Wildlife Disease and Zoonotics


Date of this Version



Published in J Vet Diagn Invest 14:470–475 (2002).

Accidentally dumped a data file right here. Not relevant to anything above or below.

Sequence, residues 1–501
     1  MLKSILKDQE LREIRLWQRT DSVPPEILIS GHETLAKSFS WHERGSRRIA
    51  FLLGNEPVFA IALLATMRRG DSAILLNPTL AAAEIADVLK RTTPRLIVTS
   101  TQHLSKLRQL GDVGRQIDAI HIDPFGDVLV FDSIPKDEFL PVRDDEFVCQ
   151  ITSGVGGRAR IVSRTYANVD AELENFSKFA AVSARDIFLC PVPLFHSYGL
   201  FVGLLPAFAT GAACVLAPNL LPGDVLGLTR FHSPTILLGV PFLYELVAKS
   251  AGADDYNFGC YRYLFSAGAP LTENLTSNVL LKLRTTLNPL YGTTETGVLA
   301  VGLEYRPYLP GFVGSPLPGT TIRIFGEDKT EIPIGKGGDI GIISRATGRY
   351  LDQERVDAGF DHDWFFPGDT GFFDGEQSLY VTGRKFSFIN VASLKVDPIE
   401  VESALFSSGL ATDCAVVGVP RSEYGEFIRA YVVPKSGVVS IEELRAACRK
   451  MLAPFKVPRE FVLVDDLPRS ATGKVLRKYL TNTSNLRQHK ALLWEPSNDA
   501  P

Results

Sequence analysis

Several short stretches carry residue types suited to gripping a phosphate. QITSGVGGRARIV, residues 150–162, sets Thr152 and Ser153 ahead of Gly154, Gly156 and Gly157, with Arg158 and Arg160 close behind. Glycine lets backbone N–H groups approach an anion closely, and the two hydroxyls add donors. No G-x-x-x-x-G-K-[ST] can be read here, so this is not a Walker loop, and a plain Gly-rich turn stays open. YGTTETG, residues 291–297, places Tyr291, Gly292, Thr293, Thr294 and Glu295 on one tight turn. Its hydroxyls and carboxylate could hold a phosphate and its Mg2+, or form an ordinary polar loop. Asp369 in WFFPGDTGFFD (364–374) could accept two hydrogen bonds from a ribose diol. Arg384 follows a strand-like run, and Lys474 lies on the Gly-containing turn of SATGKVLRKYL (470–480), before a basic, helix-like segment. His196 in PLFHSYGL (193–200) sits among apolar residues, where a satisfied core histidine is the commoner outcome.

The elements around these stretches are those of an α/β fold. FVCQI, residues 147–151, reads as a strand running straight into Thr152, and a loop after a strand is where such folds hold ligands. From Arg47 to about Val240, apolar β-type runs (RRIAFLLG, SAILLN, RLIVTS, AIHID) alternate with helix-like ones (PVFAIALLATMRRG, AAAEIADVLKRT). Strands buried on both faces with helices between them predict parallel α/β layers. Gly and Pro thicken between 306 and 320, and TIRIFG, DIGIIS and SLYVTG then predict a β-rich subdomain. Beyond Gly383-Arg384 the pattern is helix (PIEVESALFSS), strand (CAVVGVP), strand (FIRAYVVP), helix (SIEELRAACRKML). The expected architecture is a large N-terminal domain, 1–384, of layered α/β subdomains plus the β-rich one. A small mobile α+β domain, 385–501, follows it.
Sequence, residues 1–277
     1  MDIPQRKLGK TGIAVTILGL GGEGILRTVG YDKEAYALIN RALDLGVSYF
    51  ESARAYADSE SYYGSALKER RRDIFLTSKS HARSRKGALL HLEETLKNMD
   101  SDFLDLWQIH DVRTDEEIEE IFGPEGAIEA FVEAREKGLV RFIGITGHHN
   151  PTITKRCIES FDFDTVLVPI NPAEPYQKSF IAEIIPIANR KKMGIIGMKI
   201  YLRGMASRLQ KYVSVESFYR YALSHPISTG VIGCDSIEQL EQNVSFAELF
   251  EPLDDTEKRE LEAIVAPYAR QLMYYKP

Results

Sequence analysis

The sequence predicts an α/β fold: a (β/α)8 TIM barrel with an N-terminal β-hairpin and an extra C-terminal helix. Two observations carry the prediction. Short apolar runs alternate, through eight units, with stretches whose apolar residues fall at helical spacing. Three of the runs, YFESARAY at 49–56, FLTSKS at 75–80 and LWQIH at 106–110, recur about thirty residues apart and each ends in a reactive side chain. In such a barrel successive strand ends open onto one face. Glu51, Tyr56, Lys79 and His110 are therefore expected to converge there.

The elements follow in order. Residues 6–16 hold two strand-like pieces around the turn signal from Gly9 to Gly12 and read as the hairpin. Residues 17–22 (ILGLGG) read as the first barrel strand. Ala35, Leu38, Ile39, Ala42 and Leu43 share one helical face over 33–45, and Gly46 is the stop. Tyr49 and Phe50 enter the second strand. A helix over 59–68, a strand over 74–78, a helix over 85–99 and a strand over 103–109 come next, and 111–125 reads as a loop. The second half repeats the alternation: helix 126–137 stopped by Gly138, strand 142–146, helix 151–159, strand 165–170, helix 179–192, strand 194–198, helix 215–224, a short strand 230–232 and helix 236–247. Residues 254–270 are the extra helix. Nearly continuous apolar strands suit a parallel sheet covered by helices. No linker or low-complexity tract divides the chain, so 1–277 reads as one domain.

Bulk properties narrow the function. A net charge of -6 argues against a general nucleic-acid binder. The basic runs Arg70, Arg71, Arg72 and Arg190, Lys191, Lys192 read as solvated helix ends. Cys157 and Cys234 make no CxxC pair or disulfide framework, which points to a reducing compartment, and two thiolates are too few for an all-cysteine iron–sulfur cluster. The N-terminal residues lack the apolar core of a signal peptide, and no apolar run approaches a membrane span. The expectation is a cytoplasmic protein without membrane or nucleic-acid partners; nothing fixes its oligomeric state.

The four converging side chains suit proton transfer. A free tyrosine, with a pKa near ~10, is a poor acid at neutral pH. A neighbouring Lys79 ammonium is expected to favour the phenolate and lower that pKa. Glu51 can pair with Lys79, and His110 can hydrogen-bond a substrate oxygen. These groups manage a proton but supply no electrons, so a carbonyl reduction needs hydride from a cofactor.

White-tailed deer (Odocoileus virginianus) have recently emerged as a source of Mycobacterium bovis infection for cattle within North America. The objective of this study was to evaluate the antibody response of M. bovis–infected deer to crude mycobacterial antigens. Deer were experimentally inoculated with M. bovis strain 1315 either by intratonsilar instillation or by exposure to M. bovis–infected (i.e., in contact) deer. To determine the time course of the response, including the effects of antigen administration for comparative cervical skin testing, serum was collected periodically and evaluated by enzyme-linked immunosorbent assay (ELISA) for immunoglobulin (i.e., IgG heavy and light chains) reactivity to mycobacterial antigens. The reactivity to M. bovis purified protein derivative (PPDb) exceeded (P < 0.05) the reactivity to M. avium PPD (PPDa) only after in vivo administration of PPDa and PPDb for comparative cervical testing of the infected deer. The mean immunoglobulin response, as measured by ELISA, of intratonsilar-inoculated deer to a proteinase K–digested whole-cell sonicate (WCS-PK) of M. bovis strain 1315 exceeded (P < 0.05) the mean of the prechallenge responses to this antigen at approximately 1 month after inoculation and throughout the remainder of the study (i.e., ~11 months). This response also exceeded (P < 0.05) that of the uninfected deer. Although this is encouraging, further studies are necessary to validate the use of the proteinase K–digested M. bovis antigens in the antibody-based assays of tuberculosis.